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School district declines participation in reading program

May 2, 2018

PORTLAND, Ore. (AP) — A second Oregon school district will not to allow its third- through fifth-graders participate in a statewide reading program after finding the content of a book about a transgender child inappropriate.

The Cascade School District south of Salem has decided not to take part in the Oregon Battle of the Books next school year, citing concerns related to the book “George,” The Oregonian/OregonLive reported Tuesday.

The book tells the story of a 10-year-old who everyone thinks is a boy but who feels like she is a girl.

The principals from the district’s elementary schools decided the book was not suitable, Superintendent Darin Drill said.

“What they said was it’s not so much about the transgender issue,” Drill said. “There are a couple of scenes in the book that they felt aren’t appropriate for third-graders.”

The reading program provides a list of books for students to read. The students read the books, form teams and compete in a game show-like format using knowledge of the books.

The program does not require students to participate or to read every book.

The Hermiston School District has also declined to participate though it will allow older students to take part if they choose. Both school districts plan to create their own reading competitions for the students.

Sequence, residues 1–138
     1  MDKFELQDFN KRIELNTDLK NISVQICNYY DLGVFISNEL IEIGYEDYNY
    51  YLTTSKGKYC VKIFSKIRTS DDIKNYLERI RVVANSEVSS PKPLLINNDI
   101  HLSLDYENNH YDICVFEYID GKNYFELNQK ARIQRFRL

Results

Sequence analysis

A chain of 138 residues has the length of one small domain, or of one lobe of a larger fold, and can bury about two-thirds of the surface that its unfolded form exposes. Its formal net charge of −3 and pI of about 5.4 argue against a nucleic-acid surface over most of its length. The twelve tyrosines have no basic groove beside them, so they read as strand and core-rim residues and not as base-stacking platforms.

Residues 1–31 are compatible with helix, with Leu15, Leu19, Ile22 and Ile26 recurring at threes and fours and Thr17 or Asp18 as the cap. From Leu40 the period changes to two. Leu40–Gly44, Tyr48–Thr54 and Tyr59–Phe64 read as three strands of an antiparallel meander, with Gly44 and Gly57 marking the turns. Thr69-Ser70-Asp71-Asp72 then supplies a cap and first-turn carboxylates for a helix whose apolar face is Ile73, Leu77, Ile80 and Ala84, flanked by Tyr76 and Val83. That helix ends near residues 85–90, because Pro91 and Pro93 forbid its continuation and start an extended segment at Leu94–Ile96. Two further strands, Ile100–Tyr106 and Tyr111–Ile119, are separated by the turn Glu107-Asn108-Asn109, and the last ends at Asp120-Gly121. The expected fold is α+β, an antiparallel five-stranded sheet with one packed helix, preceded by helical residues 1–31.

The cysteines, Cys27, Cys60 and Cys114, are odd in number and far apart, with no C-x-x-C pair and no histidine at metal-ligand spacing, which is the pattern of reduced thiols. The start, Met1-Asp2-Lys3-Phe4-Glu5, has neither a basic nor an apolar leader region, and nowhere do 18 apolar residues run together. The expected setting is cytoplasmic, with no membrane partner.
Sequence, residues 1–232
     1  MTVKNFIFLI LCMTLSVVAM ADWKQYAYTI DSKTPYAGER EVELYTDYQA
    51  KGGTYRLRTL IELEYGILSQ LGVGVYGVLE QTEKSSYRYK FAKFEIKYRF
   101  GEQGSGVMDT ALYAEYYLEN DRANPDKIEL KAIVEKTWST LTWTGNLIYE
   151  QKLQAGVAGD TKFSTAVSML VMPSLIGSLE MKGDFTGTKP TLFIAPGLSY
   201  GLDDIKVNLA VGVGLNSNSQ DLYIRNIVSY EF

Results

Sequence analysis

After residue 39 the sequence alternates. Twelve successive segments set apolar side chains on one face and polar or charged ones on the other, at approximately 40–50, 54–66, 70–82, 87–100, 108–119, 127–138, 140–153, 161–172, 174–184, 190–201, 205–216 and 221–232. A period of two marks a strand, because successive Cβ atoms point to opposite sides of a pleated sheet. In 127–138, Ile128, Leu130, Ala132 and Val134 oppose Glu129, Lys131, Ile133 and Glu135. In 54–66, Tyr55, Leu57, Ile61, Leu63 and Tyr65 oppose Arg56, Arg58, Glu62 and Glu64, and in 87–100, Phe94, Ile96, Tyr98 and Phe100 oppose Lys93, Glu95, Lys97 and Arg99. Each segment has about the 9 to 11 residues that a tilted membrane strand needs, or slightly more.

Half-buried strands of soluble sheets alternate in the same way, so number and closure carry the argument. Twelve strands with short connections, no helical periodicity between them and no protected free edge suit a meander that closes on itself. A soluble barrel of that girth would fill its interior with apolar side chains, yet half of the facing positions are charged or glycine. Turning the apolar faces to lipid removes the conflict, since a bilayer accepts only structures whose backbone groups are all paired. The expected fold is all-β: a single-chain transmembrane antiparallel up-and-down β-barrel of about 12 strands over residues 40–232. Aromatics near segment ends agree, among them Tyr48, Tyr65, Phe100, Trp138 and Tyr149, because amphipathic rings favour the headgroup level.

Sara Hernandez, who has a 9-year-old daughter in the Cascade School District, said the decision was frustrating and parents did not have a voice in matter.

“There were so many other ways the district could have handled it, but basically went with what they felt would be the path of least resistance,” Hernandez said.

In a statement Tuesday, the book’s author Alex Gino said a selection committee vetted the book and found that it met the criteria to be included on the state list.

“My book will not make anyone transgender, but it can help make people trans aware, and bring connection to those who already are trans, and I believe that those are good things,” Gino said. “I don’t believe that there’s any age before which it is appropriate to learn compassion.”


Information from: The Oregonian/OregonLive, http://www.oregonlive.com

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